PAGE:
In places like India and China they’re buying gold to wear as jewellery, but mostly demand for the precious metal is being driven by fear over the euro zone debt crisis and the threat of a default by the US government on its debts.
Economists believe gold will continue to rise in value. Breaching $1,600 an ounce on Monday, it is up 13 percent so far this year and is on track for its 11th straight year of gains. Since early 2008 it has nearly doubled in price.
Investors are turning to gold as a safe haven believing shares and cash are too risky but that will not last.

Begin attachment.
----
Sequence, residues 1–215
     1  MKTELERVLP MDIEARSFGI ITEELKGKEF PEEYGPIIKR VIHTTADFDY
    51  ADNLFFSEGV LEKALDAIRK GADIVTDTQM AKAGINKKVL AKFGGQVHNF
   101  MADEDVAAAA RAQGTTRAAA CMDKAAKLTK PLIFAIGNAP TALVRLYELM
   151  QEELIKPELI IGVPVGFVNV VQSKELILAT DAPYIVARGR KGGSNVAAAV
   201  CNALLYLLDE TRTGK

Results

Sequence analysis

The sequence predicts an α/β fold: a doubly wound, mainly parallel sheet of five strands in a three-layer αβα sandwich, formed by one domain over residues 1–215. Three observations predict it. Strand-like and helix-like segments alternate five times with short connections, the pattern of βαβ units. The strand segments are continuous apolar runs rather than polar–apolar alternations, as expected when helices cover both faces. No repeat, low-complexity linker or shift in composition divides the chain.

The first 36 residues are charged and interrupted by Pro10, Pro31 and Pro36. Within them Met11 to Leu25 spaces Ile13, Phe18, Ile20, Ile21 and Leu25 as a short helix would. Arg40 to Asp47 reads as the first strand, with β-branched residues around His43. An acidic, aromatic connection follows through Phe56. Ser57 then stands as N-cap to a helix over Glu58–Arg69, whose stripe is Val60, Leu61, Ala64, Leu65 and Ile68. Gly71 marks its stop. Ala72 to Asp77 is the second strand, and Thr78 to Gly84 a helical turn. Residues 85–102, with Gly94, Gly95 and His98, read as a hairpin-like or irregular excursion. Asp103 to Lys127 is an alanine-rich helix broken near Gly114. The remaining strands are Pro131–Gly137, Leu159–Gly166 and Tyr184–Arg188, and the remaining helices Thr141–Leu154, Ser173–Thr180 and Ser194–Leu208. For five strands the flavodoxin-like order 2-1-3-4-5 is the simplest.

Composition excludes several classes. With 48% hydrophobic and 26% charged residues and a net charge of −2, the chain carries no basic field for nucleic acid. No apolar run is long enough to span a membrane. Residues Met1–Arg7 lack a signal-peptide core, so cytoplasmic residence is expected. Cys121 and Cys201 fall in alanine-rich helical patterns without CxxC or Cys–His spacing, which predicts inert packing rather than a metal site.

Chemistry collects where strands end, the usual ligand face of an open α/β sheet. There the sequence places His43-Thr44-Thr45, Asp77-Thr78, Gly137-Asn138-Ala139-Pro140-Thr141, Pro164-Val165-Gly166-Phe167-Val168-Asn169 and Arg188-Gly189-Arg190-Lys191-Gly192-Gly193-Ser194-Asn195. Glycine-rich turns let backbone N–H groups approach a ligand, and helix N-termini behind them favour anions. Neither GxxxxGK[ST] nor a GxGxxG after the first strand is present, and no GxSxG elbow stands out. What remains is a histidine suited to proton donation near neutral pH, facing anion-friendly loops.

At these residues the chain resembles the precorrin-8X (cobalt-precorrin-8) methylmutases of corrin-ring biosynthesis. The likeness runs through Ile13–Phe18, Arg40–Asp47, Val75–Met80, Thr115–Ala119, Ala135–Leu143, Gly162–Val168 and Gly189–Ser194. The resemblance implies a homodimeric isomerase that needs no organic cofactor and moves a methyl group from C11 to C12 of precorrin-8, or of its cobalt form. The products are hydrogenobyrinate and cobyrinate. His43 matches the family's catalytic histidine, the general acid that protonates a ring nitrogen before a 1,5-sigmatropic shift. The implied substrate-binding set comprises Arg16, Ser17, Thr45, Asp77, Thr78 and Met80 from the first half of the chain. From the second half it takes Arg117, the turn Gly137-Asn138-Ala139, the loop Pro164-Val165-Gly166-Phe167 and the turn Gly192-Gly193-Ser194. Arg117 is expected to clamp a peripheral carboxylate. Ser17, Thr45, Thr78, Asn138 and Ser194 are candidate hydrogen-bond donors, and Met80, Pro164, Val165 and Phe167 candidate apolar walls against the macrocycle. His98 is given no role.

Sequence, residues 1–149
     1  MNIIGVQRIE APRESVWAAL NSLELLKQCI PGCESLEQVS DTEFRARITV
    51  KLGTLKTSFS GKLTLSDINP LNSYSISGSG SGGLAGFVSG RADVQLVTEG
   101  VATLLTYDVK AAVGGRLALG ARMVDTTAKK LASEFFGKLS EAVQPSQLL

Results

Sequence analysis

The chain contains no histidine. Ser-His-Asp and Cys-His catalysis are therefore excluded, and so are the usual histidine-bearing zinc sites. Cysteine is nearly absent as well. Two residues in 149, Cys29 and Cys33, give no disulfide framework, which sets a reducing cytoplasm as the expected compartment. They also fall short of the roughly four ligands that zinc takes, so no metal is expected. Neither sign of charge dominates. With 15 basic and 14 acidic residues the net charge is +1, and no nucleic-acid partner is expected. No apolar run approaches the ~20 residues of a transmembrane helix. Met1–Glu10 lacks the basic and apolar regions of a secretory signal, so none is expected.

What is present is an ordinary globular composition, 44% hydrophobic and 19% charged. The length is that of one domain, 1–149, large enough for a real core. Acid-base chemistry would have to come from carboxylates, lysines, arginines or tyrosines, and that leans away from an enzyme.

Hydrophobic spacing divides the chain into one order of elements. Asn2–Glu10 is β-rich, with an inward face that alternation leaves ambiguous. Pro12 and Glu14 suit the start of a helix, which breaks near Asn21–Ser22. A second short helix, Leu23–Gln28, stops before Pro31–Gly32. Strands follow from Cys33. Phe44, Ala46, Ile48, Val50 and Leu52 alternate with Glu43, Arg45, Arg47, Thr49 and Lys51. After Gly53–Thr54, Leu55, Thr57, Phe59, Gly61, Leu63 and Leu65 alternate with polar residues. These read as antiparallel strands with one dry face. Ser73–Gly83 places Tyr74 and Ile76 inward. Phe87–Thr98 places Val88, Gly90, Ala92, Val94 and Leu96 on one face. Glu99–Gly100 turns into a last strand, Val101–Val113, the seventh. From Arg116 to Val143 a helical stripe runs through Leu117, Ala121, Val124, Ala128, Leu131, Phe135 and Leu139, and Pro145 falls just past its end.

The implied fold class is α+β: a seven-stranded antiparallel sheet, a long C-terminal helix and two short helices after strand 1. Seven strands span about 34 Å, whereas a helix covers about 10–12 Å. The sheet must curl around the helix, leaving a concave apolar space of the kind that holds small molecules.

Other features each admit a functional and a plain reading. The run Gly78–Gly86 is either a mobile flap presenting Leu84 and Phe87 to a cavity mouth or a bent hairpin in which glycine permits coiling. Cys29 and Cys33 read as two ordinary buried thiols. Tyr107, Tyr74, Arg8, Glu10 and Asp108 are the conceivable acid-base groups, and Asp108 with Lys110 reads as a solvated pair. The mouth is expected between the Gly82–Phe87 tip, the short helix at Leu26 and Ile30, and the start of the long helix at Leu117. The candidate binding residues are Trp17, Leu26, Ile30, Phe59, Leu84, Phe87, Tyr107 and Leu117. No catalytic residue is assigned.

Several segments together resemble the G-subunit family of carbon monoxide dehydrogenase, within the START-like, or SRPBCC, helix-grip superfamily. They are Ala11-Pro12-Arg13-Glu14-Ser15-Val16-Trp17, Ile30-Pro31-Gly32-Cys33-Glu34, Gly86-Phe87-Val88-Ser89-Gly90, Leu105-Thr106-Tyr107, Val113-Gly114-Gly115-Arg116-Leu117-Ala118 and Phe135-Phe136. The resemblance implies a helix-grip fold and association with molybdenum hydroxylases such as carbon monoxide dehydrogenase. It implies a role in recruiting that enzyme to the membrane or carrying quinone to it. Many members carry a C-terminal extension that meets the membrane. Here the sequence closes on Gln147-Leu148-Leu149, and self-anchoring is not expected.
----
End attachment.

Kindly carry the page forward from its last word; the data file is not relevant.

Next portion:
BNP Paribas’ Chief Investment Adviser, Andrew Freris said: “Once the deadline on the American side has passed, and that’s going to be a completely non-issue, even if they default for a couple of days; then once the Greek situation is put on some kind of a straight line, then as it is, risk would have been significantly diminished but definitely not gone away”
But for the moment, as shares fall gold goes up. Even soothing words on Monday from the US Treasury Secretary Timothy Geithner – expressed confidence the US Congress would raise the debt ceiling – failed to halt its rise.